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e4m Conclave 2009: No time for remodeling yet; a tripartite partnership the way to go ahead

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e4m Conclave 2009: No time for remodeling yet; a tripartite partnership the way to go ahead

Those were the days when working in a single, large organisation meant there was only so much that outsiders could expect from the organisation so as to not go overboard with their demands. But that was in the past – around 15-20 years ago. Cut to 2009, and preemptive measures such as fragmentation, collaboration, etc., have led many firms to go as specialist as possible. The session on ‘Media Services Agencies: Is it time to rework the media agency model?’ at the exchange4media Conclave 2009, held in Mumbai on June 3, drew top-notch agency heads to discuss and debate the road traveled by media agencies thus far and whether there was need to bring in some element of change in their functioning.

The day-long Conclave was presented by Star News and powered by Hindustan Times. Yuva was the associate sponsor for the event. The event partner is Encompass.

The panel was moderated by Paritosh Joshi, President – New Ventures, Star India, and comprised panelists from both the client and media sides – Asit Mehra, EVP, Omnicom Group; Jasmine Sohrabji, MD, OMD India; Pratap Bose, CEO, Mudra Max; R Gowthaman, Leader, Mindshare South Asia; Rajesh Sawhney, President, Reliance Entertainment; and Ramesh Natarajan, Deputy Country Manager, DHL Express.

Paritosh Joshi began by getting the panelists to dwell on the changes that have transpired in the last few years and the dilemmas confronting them. Asit Mehra traced the growth from the good old days of Doordarshan to the present day, which has seen the emergence of multiple mediums like satellite TV, CAS, etc. and added that it was a combination of growth and competition that had led to the emergence of newer models and mediums.

Presenting the client’s side of the story, Rajesh Sawhney said that there was a large wave of change that was being observed, and more so between the domains of advertising and entertainment. “My thesis is that advertising and entertainment as domains are merging together. The consumer is developing apathy towards the 30-second model, leading to a change in his behavioural pattern. The same trend is being observed in the print and broadcast space as well. The need of the hour is to create a collaboration and specialisation model, something that can be done by the so called brand managers/ custodians,” he pointed out.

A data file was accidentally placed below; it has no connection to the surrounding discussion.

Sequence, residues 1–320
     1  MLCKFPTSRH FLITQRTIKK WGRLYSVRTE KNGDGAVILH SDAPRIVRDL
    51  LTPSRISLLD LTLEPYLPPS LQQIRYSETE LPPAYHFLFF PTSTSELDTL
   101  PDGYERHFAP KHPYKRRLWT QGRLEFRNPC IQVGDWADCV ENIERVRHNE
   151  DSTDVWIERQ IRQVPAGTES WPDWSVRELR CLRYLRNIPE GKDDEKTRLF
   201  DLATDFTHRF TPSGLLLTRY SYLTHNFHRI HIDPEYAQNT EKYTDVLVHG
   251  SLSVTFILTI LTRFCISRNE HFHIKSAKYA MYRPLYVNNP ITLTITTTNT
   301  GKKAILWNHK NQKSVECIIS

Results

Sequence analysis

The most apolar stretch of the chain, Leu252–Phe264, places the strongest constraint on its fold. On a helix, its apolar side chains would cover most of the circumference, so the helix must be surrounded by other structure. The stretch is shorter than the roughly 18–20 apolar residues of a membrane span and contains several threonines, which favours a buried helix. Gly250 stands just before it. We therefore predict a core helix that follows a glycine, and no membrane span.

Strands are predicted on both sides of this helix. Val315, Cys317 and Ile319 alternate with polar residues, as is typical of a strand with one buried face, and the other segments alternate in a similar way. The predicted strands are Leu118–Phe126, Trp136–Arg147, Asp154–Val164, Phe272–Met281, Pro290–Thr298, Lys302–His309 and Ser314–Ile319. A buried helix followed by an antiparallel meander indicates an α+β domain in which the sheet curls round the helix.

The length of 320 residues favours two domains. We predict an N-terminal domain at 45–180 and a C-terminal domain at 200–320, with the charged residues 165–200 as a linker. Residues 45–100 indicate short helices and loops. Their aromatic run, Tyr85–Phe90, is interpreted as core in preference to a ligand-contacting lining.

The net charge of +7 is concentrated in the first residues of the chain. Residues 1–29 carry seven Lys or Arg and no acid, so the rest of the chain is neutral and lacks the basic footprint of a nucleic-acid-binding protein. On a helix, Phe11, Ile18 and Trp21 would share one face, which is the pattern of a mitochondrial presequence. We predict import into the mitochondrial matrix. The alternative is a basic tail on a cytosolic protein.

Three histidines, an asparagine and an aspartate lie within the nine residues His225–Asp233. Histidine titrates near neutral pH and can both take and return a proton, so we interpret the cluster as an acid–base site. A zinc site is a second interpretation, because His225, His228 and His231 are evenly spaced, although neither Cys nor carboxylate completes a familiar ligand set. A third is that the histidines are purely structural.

Pratap Bose noted that in the early 90s the agencies had a single face, but with the development of media that trend had disappeared. “It has got to be an integral and thought-provoking process between media, client and creative to decide on who does what. It is finally for the client to decide as to who gets what. But if you ask me, among the three, it is the creative department that should be responsible to drive the idea and the way forward,” he added.

Ramesh Natrajan was more candid as he said that it was not about one entity gaining access over the other, but it was more of team work that would possibly drive the way forward. He added, “Earlier, the onus was on the company or the brand manager to think of ways to appease the consumer. Today, though the approach has changed to some extent and though brands can change to some extent in their appearance and offerings, the end consumer always remains the same. It is on him that all focus should be drawn towards and this is only possible if all the three – media, creative and client – work by forging amiable partnerships.”

R Gowthaman felt that it was wrong to still refer to media agencies as agents, especially at a time when new models were evolving by the day. “My belief is that we cannot have a single or standard model approach. We need to have the ‘horses for courses’ approach, where the solution will be based on the situation. Today, apart from the successes, companies have to be accountable for failures as well,” he noted.

Stressing that they were not a small boutique, Jasmine Sohrabji assured the gathering that being a medium-sized start-up did not mean that they had a bleak future. “We are not a small boutique, in fact, we are a big start-up. We’d rather like to call ourselves late entrants. Like any other agency, we too are involved in pitch-making process, etc. It has only been two years now and a fair analysis of our strengths can be drawn only in the coming future,” she added.

The panelists also debated on issues like talent, analysing of balance sheets, margins, the need for constant evolvement, and going as specialist as possible. It was clear that there had to be tripartite relationship between the trio of media, creative and client, and that no one could get ahead without the support of the other.


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